Several aspects of the invention are described below with reference to examples for illustration. It should be understood that numerous specific details, relationships, and methods are set forth to provide a full understanding of the invention. One skilled in the relevant art, however, will readily recognize that the invention can be practiced without one or more of the specific details, or with other methods, etc. In other instances, well_known structures or operations are not shown in detail to avoid obscuring the invention.
2. Example Environment
ADC 120 generates an N-bit digital code (containing bits provided on path 121-1 through 121-N) corresponding to an analog input received on path 102. The value of each digital code is determined by the voltage level on reference signal 152. Accordingly, it is desirable that the reference signal be generated without any droops.
Reference buffer 150 along with capacitor C180 operate to provide reference signal 152. Such a combination is particularly useful for low power environments (i.e., consuming minimal power) as described in further detail below with reference to FIG. 5B.
However, the reference signal generated by such a combination may contain droop as described below in further detail with reference to example implementations. First, the operation of a pipe-line ADC (example of ADC 120) is described to understand the manner in which droop is caused due to switching capacitance.
3. Pipe-Line ADC
Each stage (210, 230 and 250) uses Vref 152 to generate a P-bit sub-code corresponding to a voltage level of an analog signal received as an input. For example, stage 230 coverts a voltage level on path 213 to generate a P-bit sub-code on path 233. The accuracy of P-bit digital code depends on the accuracy of the Vref, and thus needs to be constant and equal at all the stages. Code generator 260 generates the N-bit (corresponding to the voltage level on path 102) based on the sub-codes generated by stages 210, 230 and 250.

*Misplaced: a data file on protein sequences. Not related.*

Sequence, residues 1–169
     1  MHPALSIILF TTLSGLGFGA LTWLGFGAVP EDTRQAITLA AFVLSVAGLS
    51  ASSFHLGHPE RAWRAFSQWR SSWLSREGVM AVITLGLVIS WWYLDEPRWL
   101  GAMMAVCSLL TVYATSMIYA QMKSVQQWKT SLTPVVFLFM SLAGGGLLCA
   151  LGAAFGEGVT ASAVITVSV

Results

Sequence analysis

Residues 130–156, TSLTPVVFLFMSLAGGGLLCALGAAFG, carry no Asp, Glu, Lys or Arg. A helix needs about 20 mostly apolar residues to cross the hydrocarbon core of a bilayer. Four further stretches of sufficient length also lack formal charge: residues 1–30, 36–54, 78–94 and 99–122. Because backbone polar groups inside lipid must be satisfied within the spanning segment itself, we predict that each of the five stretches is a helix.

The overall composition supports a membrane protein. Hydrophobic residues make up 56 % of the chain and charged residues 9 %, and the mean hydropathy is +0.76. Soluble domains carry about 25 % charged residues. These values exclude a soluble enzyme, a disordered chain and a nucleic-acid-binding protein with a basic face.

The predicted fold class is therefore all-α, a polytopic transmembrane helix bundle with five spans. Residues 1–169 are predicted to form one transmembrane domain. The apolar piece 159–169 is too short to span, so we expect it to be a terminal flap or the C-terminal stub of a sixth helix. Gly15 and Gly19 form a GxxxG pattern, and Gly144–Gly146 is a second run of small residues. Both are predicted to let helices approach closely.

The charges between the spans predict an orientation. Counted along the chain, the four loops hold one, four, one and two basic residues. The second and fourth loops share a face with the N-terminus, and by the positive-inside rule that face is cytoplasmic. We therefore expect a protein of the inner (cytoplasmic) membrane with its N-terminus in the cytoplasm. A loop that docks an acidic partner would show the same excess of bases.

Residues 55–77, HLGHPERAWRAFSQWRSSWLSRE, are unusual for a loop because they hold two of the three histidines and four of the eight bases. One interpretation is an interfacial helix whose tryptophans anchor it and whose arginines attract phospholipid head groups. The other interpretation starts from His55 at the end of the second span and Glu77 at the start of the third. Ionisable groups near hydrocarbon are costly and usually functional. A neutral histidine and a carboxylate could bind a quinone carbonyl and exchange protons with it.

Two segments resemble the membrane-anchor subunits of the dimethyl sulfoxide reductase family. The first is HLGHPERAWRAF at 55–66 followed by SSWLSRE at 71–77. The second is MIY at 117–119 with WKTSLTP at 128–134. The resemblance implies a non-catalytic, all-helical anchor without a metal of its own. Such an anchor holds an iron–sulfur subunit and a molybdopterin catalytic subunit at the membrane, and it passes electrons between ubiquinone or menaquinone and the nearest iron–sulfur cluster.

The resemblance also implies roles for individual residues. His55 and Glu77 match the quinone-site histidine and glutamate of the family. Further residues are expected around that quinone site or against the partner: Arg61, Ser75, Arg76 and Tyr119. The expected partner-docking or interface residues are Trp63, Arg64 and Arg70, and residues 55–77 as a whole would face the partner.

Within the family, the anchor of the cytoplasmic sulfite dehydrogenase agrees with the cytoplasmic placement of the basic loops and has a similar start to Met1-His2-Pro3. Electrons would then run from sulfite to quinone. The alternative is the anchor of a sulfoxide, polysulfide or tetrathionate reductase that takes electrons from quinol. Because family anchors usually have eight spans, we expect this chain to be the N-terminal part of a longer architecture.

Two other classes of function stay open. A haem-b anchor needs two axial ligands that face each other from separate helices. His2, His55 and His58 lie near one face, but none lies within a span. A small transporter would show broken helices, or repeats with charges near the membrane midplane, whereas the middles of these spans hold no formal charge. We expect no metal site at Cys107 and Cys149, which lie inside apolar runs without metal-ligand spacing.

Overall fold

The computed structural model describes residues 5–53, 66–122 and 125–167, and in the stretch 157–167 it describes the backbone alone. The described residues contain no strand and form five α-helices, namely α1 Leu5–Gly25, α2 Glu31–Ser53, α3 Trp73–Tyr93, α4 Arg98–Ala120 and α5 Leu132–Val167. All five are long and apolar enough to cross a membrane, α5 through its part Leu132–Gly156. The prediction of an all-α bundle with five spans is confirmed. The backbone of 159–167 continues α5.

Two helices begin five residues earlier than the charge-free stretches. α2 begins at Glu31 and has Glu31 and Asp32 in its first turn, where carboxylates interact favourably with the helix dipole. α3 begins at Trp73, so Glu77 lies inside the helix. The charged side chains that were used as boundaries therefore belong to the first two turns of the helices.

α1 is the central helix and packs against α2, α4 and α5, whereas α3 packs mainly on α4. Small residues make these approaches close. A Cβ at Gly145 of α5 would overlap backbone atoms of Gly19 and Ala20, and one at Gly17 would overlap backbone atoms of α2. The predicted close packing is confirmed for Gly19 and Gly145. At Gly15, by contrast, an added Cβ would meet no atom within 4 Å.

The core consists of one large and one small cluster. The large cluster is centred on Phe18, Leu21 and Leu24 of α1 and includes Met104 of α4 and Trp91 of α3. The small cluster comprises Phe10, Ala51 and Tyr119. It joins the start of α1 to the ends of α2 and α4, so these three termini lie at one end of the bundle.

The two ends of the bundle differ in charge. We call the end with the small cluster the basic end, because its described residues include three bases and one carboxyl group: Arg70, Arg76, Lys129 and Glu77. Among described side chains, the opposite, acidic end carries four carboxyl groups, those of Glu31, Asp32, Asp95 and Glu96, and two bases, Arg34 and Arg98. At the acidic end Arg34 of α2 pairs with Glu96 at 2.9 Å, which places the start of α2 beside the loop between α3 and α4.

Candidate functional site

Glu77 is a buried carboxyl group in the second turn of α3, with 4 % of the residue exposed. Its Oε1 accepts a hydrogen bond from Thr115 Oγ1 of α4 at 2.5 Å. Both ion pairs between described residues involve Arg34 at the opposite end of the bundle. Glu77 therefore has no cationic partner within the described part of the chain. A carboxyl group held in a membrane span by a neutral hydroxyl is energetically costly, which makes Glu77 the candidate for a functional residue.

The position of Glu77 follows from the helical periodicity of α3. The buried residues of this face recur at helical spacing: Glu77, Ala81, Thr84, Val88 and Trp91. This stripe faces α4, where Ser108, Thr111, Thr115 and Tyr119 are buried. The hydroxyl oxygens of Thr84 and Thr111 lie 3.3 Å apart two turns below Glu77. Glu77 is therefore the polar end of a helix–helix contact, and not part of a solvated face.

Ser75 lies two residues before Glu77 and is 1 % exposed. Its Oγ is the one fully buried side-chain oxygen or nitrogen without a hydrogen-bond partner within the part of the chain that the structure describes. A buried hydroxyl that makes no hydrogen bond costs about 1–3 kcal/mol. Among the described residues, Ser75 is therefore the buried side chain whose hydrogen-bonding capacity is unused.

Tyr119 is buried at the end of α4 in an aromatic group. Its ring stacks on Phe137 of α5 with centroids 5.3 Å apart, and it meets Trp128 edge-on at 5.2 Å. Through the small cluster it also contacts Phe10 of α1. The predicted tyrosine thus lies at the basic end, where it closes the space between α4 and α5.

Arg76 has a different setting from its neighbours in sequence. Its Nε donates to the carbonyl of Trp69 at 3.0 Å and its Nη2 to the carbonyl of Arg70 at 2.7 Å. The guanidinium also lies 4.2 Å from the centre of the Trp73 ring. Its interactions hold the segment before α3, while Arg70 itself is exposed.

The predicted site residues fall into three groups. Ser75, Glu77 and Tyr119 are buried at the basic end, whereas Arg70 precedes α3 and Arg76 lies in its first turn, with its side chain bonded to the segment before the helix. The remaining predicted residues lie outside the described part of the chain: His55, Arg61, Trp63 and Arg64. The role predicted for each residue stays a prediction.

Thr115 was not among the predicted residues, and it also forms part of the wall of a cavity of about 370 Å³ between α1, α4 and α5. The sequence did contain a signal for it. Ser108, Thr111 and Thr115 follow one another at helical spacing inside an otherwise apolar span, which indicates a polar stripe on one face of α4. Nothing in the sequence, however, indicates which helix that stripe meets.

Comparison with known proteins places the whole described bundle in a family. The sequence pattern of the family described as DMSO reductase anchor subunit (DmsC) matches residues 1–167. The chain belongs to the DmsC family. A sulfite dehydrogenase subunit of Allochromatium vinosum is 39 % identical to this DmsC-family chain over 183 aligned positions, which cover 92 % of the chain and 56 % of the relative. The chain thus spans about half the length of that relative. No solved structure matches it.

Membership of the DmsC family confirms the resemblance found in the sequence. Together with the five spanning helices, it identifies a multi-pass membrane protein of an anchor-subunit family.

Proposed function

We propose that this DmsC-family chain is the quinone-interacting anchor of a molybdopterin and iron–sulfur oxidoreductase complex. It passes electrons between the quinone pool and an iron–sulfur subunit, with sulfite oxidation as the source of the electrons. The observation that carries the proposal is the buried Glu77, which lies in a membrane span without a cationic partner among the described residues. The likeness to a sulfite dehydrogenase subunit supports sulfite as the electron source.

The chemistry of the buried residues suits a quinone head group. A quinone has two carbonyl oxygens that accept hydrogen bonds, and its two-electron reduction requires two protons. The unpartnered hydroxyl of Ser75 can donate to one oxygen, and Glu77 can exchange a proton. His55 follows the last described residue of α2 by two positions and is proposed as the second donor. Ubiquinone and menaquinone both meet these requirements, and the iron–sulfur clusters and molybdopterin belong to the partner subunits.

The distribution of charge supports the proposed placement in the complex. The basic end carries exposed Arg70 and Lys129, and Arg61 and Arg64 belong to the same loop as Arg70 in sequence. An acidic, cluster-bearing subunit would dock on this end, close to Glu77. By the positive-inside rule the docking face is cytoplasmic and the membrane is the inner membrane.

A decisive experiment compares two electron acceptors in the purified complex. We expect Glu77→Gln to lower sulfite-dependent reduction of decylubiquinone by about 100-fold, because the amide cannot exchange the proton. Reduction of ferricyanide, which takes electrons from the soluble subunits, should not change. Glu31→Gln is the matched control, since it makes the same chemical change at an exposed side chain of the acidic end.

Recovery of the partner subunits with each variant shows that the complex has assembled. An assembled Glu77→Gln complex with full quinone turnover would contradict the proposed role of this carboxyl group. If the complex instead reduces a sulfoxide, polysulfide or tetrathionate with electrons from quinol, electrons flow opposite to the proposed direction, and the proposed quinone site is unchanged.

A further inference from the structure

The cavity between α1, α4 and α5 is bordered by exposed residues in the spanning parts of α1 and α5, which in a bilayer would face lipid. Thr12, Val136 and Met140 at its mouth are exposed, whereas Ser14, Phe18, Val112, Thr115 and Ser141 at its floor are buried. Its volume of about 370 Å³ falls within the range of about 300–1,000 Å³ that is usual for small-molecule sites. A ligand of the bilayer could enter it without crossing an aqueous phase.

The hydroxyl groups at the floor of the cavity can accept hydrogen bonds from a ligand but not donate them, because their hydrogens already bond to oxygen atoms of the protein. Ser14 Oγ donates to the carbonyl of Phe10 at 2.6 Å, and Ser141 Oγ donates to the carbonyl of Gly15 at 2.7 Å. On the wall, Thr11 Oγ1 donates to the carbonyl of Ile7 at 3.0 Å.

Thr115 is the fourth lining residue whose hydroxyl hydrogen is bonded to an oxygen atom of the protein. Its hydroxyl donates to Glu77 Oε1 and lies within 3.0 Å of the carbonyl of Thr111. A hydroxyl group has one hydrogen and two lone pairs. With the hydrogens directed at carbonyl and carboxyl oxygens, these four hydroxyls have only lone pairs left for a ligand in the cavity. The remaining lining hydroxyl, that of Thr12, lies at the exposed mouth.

Each stage, except last stage 250, generates an output signal which represents ((Vi−Vdac)×Gain), wherein Vi represents the voltage level of the analog signal, Vdac equals ((sub-code×Vref)/2P−1), with P representing the number of bits in the generated sub-code, gain equals 2P−1, − representing a subtraction operation, and × representing a multiplication operation. It may be helpful to understand that accuracy of Vdac (thus digital code) is based on accuracy of Vref. The manner in which each stage can be implemented is described below with reference to
Flash ADC 370 (an example of a sub-ADC) converts a sample of the analog signal received on path 102 into a corresponding P-bit sub-code using Vref 152 received on path 152. The P-bit sub-code is provided on paths 378-1 through 378-P (contained in path 211 of
Subtractor 390 generates the difference of the analog signal 102 (Vi) and the analog signal received on path 389 (Vdac). The difference voltage (Vi−Vdac) is provided on path 399. Amplifier 395 amplifies the difference voltage with a gain of 2P−1, wherein P represents the number of bits in the sub-code generated by stage 210. The amplified signal ((Vi−Vdac)×Gain) is provided on path 413 to resolve the remaining bits in the N-bit digital code by the next ADC stages. Thus, the last stage 250 may not contain DAC, subtractor and amplifier.
DAC 380 converts the sub-code received on paths 378-1 through 378-P into corresponding analog signal (Vdac) on path 389 using reference voltage provided on path 152. DAC 380 needs to generate Vdac such that the digital code is represented accurately. As is well known, the unresolved portion of the analog input (provided as input to next stage) is based on the accuracy of Vdac. The voltage Vref 152 thus needs to be accurate/at constant level without any droop as Vdac (on path 389) is generated based on Vref 152. The difference voltage (Vi−Vdac) is provided as input to the next stage.